An Introduction to Social Media for Scientists, now in PLoS Biology

Science is defined by expertise. We researchers are constantly trying to expand our own knowledge, or collaborate with those who can contribute the necessary skills. Unfortunately, developing “internet skills” usually isn’t top priority for scientists – despite the fact that we now live and work in a over-connected, technology-driven society.

Given this scenario, fellow marine blogger Miriam Goldstein and I are and I pleased to announce the publication of a new perspectives article in PLoS Biology:

Bik HM, Goldstein MC. An Introduction to Social Media for Scientists. PLoS Biology, 11(4):e1001535. 

The idea for this article evolved from conference workshops we ran together (particularly the social media workshop at the Ocean Sciences 2012 Meeting), late night hotel room discussions, and chats with friends, colleagues and our fellow Deeplings (thanks guys!). And the fact that I personally didn’t know what I was doing on the internet for a solid 2 years after I started blogging/tweeting. In fact, a lot of scientists we’ve encountered feel lost and misguided when it comes to social media. Or they want to start blogging/tweeting but have no idea where to begin (grad students and postdocs don’t get much training in this area, and senior PIs don’t usually encourage it).

We hope this article will help you navigate the internet and define your own social media strategy (come on marine scientists, lead the pack!) – please share it with your offline colleagues, and get in touch with any questions or comments!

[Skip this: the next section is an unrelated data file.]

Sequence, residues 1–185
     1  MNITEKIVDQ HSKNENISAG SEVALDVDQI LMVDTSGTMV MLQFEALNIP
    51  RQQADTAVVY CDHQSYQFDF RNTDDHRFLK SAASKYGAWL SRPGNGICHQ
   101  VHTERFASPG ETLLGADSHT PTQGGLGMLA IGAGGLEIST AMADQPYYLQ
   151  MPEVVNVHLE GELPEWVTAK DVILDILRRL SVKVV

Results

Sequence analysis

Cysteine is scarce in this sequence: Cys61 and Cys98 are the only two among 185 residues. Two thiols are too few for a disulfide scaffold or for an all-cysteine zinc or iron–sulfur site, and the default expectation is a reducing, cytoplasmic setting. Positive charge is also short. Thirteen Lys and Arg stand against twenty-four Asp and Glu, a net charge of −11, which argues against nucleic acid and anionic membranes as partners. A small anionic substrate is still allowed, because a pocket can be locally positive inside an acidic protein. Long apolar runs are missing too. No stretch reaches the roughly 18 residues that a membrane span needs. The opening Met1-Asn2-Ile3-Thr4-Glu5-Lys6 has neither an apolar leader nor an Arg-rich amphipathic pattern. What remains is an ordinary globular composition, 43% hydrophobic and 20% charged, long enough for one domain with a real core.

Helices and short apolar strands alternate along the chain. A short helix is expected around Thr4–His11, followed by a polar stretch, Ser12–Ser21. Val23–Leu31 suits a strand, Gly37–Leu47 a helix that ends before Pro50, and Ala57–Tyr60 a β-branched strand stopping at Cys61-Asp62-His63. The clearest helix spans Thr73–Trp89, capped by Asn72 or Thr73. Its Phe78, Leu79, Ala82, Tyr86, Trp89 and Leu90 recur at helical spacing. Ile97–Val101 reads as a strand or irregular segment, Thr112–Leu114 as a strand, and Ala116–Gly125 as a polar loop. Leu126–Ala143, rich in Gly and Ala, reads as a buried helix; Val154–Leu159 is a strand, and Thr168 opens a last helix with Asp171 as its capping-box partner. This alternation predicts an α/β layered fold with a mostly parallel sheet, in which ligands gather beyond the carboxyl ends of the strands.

Holly Bik (140 Posts)

I am a computational biologist at the University of California, Davis. My research uses DNA sequencing and genomics to study microbial eukaryotes (yeah, nematodes!) in marine ecosystems, with an emphasis on evolution and biodiversity in the deep-sea. I can neither confirm nor deny that I like Unix more than I like going to sea.





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2 comments on “An Introduction to Social Media for Scientists, now in PLoS Biology
  1. I’ve introduced students in my marine biology class to your blog in hopes that those who pursue career in science will learn from you and follow your example. Keep up the good work

  2. Pingback: Interactions: April High Five | Altmetric.com

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